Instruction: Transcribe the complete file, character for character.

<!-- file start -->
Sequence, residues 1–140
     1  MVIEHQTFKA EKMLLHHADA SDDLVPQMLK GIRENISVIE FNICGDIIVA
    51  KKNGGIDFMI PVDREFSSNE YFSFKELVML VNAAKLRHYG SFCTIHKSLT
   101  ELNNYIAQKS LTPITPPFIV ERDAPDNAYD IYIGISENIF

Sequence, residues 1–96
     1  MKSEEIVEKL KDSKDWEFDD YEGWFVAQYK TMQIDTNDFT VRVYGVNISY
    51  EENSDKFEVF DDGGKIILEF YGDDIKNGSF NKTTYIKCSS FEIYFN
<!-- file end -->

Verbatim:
Sequence, residues 1–140
     1  MVIEHQTFKA EKMLLHHADA SDDLVPQMLK GIRENISVIE FNICGDIIVA
    51  KKNGGIDFMI PVDREFSSNE YFSFKELVML VNAAKLRHYG SFCTIHKSLT
   101  ELNNYIAQKS LTPITPPFIV ERDAPDNAYD IYIGISENIF

Sequence, residues 1–96
     1  MKSEEIVEKL KDSKDWEFDD YEGWFVAQYK TMQIDTNDFT VRVYGVNISY
    51  EENSDKFEVF DDGGKIILEF YGDDIKNGSF NKTTYIKCSS FEIYFN